Eva’s House is the only Catholic second stage transition house in the lower mainland offering a safe haven to women and their children fleeing domestic violence. Eva’s House is a confidentially located safe house which provides a safe, caring environment where women can regain their self-esteem and rebuild their lives.
What does Eva’s House look like?
Eva’s House is like any other home. It is a duplex with four self-contained units with a private entrance, two bedrooms, kitchen, dining area, living room and in suite laundry. Our goal is to provide our guests with an at-home atmosphere.
Who comes to Eva’s House?
Violence in the home crosses all barriers of economics, religion, culture, and ethnicity. Typically a woman will enter a first stage emergency shelter before moving to Eva’s House. The emergency shelter will provide her a safe and secure location for 30 days and assist her through the immediate crisis.
After 30 days the woman must leave the emergency shelter and may move into a second stage facility such as Eva’s House where she can remain for up to six months, with the possibility of an extension if warranted. It is hoped that upon leaving Eva’s House, she will move to permanent housing. Finding permanent housing for the woman and her children may involve her renting a private apartment or moving into subsidized housing through BC Housing.
What kind of services does Eva’s House offer?
Women entering a domestic violence shelter have taken a courageous step to regain control over their lives and to ensure safety for themselves and their children. The focus in the shelter is on stabilizing their lives, helping them understand their options, and increasing their ability to achieve their goals. Eva’s House offers referrals to local community resources such as support groups, local food bank, a weekly check-in with the DAS Operations Coordinator, contact with the St. Vincent de Paul Society at local churches, and transitional support for women and their children so they are able to successfully transition to independent lives free of abuse and violence.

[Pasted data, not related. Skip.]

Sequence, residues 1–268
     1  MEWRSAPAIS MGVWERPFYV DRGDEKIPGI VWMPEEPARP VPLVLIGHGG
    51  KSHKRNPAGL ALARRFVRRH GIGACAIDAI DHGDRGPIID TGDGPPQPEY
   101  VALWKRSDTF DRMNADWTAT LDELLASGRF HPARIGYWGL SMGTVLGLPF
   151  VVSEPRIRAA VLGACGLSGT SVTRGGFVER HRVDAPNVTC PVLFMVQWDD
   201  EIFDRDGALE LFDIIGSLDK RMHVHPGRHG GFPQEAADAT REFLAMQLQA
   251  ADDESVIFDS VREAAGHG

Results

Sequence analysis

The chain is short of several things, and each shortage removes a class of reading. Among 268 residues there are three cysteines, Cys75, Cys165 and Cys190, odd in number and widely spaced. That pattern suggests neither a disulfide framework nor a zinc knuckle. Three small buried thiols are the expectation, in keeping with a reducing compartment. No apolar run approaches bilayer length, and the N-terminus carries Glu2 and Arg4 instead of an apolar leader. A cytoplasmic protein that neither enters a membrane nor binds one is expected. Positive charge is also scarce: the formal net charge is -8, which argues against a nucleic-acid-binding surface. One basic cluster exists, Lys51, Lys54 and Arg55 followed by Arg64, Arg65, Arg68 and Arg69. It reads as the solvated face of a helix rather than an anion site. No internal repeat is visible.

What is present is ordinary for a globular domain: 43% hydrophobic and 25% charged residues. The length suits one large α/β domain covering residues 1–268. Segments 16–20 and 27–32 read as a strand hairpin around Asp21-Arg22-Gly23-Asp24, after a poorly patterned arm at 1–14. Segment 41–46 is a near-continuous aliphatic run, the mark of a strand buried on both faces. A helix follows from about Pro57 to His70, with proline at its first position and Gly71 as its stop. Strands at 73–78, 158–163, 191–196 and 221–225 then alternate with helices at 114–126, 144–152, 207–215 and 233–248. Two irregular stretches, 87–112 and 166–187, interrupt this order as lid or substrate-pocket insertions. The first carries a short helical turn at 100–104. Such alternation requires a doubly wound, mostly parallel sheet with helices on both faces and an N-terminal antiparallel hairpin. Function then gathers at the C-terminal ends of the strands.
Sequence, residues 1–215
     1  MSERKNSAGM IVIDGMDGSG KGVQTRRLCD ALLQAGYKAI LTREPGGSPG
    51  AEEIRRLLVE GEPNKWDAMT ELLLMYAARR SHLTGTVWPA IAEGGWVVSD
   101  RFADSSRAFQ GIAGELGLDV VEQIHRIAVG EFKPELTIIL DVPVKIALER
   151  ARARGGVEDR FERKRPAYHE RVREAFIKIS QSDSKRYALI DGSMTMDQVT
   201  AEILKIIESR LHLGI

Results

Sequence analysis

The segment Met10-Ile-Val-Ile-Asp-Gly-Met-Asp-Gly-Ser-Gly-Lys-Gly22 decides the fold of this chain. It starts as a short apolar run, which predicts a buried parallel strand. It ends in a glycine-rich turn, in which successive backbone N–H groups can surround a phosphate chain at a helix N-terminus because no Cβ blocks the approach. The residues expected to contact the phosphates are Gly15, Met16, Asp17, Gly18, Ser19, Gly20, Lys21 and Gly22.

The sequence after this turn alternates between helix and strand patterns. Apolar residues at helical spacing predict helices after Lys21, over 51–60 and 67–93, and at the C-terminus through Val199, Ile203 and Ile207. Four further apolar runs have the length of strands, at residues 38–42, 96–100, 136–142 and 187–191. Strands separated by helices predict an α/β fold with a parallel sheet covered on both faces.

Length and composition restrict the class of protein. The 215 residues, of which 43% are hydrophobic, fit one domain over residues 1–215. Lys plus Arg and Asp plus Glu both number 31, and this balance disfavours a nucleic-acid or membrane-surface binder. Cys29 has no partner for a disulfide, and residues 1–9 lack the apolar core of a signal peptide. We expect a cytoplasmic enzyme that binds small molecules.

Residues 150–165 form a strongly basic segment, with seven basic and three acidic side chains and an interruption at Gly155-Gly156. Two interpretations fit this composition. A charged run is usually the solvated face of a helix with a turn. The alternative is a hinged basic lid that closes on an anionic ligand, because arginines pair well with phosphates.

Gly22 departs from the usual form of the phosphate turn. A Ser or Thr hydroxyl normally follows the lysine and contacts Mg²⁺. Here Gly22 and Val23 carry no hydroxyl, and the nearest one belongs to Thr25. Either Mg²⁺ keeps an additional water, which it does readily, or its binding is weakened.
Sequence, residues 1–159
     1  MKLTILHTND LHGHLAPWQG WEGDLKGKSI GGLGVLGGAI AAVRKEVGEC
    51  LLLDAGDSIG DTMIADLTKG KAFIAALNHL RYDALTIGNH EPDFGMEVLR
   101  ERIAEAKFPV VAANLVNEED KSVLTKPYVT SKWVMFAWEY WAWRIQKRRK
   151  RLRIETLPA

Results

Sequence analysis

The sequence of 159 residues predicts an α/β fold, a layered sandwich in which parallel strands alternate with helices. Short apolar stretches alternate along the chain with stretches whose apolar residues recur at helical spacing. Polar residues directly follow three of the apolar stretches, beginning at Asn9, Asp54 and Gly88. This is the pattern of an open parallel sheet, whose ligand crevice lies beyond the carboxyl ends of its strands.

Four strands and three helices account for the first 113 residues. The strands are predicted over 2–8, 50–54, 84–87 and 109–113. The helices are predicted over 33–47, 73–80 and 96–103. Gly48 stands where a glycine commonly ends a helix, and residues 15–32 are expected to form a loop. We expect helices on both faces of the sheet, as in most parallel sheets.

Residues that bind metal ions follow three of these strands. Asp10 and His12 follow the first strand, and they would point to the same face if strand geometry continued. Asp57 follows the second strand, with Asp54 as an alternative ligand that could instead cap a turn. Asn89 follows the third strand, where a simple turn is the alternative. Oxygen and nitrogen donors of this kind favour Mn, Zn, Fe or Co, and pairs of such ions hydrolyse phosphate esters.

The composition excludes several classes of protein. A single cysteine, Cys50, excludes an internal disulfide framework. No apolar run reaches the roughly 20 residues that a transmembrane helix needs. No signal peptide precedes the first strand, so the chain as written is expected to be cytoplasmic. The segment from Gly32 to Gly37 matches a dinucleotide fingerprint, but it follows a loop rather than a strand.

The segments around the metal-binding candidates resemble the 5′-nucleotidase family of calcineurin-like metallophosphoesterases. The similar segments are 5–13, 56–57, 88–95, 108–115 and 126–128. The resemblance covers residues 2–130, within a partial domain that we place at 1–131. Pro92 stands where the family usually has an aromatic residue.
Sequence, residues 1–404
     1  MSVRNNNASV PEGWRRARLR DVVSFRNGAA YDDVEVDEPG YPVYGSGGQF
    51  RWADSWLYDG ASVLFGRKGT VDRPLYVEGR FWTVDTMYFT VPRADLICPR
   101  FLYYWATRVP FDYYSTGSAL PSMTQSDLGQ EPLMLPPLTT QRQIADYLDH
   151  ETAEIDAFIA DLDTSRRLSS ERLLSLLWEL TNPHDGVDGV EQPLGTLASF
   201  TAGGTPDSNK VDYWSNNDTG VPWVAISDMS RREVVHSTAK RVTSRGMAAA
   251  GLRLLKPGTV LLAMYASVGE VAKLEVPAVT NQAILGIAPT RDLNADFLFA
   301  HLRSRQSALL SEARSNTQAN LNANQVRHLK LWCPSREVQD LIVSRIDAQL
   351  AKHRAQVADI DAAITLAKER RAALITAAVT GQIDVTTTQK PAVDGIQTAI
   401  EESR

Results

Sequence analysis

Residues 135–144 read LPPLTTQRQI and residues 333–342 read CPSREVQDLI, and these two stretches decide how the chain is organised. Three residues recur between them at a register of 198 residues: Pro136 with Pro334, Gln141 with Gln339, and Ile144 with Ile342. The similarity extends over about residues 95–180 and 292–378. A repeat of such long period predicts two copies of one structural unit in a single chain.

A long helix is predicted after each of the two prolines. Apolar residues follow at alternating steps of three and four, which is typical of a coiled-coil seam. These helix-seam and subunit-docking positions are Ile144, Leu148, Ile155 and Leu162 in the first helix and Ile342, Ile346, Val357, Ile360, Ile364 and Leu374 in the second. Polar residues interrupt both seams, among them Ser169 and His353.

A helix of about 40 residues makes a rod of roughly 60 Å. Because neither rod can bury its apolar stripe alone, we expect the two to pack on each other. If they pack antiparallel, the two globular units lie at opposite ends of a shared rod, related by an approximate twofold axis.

What happens to children when they move into Eva’s House? Do they have to change schools?
For children’s safety Eva’s House is well hedged and fenced to ensure privacy. There is a huge back yard where children can run around and play without fear.
Many children whose mothers have been abused have themselves suffered from the violence of their fathers. In this case, children who move into Eva’s House may have to change schools to remain safe from the abuser. Eva’s House has been well supported by the local School District to help keep the children safe. Their files are often restricted, and their new address kept confidential. This way, the abusive father will not be able to harm the children or their mother.
What do past clients say about Eva’s House?
Since opening its doors in September 2010, 29 adults and 37 children have been through Eva’s House. Here are some of their experiences.
– “Thank you for your understanding. Eva’s House was my first opportunity at independent living with my three-year old son. I really appreciated the emotional support given, information and care provided to me and my son. I felt safe and supported during my stay at Eva’s House.”
– “Thanks to all the board and staff of Our Lady of Good Counsel Society and the diocese of the Catholic Church here in Vancouver. It was a great blessing to come to such a home, equipped with generous food supplies, household products and fully furnished.”
First-stage transition houses and Outreach workers please contact 604-585-6688 for intake form.